Old Scottish hymn tunes are a lot easier to find, although the Catholic ones are proving elusive for me. However, "The Christ Child's Lullaby" (Taladh Chriosda) is not only Catholic, but was written by Fr. Rankin in Moidart in 1855. The refrain to this hymn really is a Celtic alleluia, and 5000 times prettier than that tune calling itself that.

    Meredith Hall and the band La Nef at some gorgeous church in Montreal. This sounds like I first heard it from the group Sileas.

    The recordings by Fiona Mackenzie and the Rankin Sisters on YouTube seem to reflect a different way of singing the tune -- sort of alto-y.

    (I actually don't dislike "Celtic Alleluia" per se, but it's silly to pretend it sounds like any nationality or brand of Celtic music. Because it doesn't.)

    Hope this helps for the future.
  • mjballoumjballou
    Posts: 986
    Maureen - A thousand thanks for your extensive response.

    I shall be looking up - and working on - tunes for quite some time after I sort through your sources and recommendations. Whatever doesn't get arranged and used in the short term will certainly be of value in the future.

    This generous sharing of knowledge is wonderful.

  • mjballoumjballou
    Posts: 986
    I had to get up from the harp and write a special thank-you to G for Domhnach Trionoide. It's just about the most "harpable" tune I've come across in recent times. Easily moving from minor to major to minor and loaded with improvisational nuggets. And it's going to be the core for a set I'll use this weekend.

    Why I've never heard it? Go figure - I'm in Florida.

    Some day I'm going to learn Gaelic pronunciation.
  • Rahere
    Posts: 1
    There's now a State-sponsored Irish Traditional Music Archive up and running on Meirion Square in Dublin, see www.itma.ie. They may be able to come up with some more. They've recently published the Bunting index which includes the decoded melodies of something like 1500 pieces, which will need some going through as we're certain many of his transcriptions were heavily adapted.
    The other source is, of course, the Commun nà Clarsaich - there's a decent few of them working in this area out in the Isles, and those predate the split, so can be played as part of the original Irish repertoire. Quite apart from the fact you're playing for a Protestant congregation, which will make things easier denominationally.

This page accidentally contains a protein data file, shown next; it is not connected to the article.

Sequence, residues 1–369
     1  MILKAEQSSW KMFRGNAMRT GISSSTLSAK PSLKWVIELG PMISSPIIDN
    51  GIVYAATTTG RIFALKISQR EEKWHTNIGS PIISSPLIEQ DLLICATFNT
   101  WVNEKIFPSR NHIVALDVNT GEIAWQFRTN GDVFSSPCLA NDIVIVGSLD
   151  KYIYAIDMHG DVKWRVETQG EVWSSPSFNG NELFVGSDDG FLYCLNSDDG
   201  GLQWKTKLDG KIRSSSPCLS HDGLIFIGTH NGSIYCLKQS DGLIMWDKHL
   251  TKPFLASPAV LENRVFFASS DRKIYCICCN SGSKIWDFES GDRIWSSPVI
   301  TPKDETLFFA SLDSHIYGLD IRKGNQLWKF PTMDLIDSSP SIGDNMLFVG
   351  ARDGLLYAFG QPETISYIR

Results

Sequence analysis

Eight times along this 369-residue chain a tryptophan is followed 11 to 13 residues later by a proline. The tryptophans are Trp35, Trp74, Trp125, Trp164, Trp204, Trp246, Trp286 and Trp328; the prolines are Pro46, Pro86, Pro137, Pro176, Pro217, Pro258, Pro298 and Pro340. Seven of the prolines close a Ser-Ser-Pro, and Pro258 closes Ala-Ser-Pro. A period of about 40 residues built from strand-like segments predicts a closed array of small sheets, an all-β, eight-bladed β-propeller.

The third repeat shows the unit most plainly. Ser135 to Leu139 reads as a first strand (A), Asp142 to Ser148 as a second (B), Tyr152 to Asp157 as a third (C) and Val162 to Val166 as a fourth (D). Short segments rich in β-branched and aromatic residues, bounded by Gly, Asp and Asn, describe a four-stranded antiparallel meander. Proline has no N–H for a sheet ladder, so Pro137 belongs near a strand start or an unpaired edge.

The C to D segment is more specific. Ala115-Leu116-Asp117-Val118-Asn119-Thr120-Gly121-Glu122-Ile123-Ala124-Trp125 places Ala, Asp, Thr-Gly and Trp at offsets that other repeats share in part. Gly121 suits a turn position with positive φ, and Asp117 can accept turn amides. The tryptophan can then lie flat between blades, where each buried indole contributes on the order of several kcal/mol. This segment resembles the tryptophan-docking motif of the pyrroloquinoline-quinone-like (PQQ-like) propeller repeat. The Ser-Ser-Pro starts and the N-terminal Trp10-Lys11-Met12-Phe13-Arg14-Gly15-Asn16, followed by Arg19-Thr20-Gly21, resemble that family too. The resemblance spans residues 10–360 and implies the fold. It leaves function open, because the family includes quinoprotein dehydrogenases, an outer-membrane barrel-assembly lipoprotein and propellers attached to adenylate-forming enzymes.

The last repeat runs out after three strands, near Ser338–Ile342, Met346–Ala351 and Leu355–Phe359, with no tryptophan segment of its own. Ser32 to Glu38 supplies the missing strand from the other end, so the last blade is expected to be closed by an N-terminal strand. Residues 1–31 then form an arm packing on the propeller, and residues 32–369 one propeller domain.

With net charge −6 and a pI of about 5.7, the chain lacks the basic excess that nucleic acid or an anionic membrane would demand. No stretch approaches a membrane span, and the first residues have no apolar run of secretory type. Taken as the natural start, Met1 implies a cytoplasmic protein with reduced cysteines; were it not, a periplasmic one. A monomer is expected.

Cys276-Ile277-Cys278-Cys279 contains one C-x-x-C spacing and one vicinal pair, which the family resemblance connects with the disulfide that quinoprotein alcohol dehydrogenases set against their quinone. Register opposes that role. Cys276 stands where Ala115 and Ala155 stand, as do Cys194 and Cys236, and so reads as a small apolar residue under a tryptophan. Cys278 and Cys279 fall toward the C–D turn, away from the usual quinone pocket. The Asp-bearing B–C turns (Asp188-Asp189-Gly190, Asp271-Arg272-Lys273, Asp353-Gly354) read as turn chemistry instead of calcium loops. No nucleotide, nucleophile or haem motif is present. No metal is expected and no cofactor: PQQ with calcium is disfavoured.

The other approach is the old organist's trick, match-the-metre and teach the congregation a new tune to known words. That opens up quite a lot of the simpler metrics, and quite a bit of O'Carolan - things like the Ramble to Cashel. Then there's Captain Sidley, written as his daughter's dowry when marrying someone Turlogh disapproved of.
  • Donnaswan
    Posts: 585
    I have a nice choral arr by Richard Horn for SAB and harp. Was pub by Morningstar, I think. Can't find it online. Will try to remember to look it up when I get to the office. He used "I heard the voice of Jesus say' as text. Very easy. Easily adapted to congregational singing
  • Maureen
    Posts: 655
    Apparently, some famous blind organist/composer guy named Jean Langlais did some nice arrangements of Breton hymn tunes like "Adoromp Holl". So organ people have a nice strong Celtic-y source. There's an album of them called Langlais: Chants de Bretagne.

    Also, there's a very nice online collection of Breton tunes which has a whole page of "kantikou", which are hymns and devotional songs of various kinds.
  • mjballoumjballou
    Posts: 986
    Breton music for me is like Scottish harp music. I think you have to be born with it - or be Alan Stivell - to know what to do with. However. I shall happily check out all these new suggestions. Many thanks.
  • marajoymarajoy
    Posts: 781
    Maybe this isn't quite applicable, but the St. Michael Hymnal has an absolutely beautiful song called "I Love You O My Lord Most High" (I think.) It only lists the tune as being "Traditional Irish." Anyhow, it has lovely, Irish-sounding melody line and a wonderful text. Anyone else familiar with it?